Sleep-deprived moms see light at the end of the tunnel.
Psychologically this is so, so powerful. Knowing and accepting that this is the season you are in right now helps you feel calmer and more at peace. Knowing, and reminding yourself, that this will not last forever, helps you keep going.
It gives you hope that you will indeed sleep once more…one day!
2. Get outside for a walk
Fresh air, exercise, and sunshine (if you can find it) all help the sleep-deprived mom tremendously.
I find this one a complete game-changer. In fact, even in the pouring rain, in the middle of winter, I found popping my little one in the buggy and going for a short walk, really helped me feel more awake and boosted my mood.
If you need some added motivation, find another sleep-deprived mom to join you on your daily, or twice-weekly, walks in the great outdoors.
3. Practice Positive Self-Talk
I have found this one is so crucial to surviving this season. It’s such a small, simple change of mindset, but it gave me back so much energy.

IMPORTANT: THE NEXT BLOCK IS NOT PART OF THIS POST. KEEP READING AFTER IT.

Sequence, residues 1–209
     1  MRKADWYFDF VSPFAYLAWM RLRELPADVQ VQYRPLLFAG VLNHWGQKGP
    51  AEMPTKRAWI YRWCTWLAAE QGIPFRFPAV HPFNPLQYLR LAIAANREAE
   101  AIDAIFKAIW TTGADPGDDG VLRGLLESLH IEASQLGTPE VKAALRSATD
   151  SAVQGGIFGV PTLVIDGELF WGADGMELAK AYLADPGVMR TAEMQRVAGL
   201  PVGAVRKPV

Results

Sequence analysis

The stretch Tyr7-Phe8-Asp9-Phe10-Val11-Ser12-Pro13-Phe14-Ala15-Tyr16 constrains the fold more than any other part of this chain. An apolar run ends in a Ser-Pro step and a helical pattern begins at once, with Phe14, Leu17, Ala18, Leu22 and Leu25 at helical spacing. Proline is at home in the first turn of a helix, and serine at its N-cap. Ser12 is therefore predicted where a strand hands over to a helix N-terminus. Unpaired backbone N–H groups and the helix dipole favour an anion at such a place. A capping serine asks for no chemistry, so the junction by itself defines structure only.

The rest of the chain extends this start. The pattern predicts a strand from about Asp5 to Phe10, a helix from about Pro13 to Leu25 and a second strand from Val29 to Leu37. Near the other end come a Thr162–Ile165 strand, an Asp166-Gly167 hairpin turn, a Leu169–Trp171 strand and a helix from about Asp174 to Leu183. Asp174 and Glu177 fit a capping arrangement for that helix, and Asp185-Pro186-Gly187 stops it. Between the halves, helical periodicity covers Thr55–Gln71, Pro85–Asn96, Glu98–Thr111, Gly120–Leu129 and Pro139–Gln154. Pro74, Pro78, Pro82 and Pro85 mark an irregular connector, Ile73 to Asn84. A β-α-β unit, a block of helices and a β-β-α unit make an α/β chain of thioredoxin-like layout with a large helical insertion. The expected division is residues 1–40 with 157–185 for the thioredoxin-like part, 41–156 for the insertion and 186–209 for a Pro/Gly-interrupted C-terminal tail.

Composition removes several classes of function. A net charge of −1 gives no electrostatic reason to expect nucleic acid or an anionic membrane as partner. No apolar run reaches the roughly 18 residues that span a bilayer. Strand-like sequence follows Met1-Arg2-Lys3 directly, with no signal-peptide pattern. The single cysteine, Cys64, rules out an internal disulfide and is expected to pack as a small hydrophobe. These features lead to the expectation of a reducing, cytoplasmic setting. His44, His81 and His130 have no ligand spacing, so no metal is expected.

Your brain holds so much power, and you can wield that for good to help yourself out.
Basically, you just need to be really aware of how you’re talking to yourself in your head. Shifting to beginning your sentences with ‘I can’ and ‘I choose’ can make a massive impact to your perspective. Taking back control and ownership of your life makes such a difference. I found that even in the space of a morning, I begin to feel better.
As an example, I would replace, ‘I can’t go out tonight, because my baby won’t let me sleep so I’m too exhausted’ , with ‘ I am choosing to stay in tonight to prioritize my sleep, as I am in a season where sleep is hard to come by. I choose to prioritize responding to my babies needs overnight, even though it is hard for me.’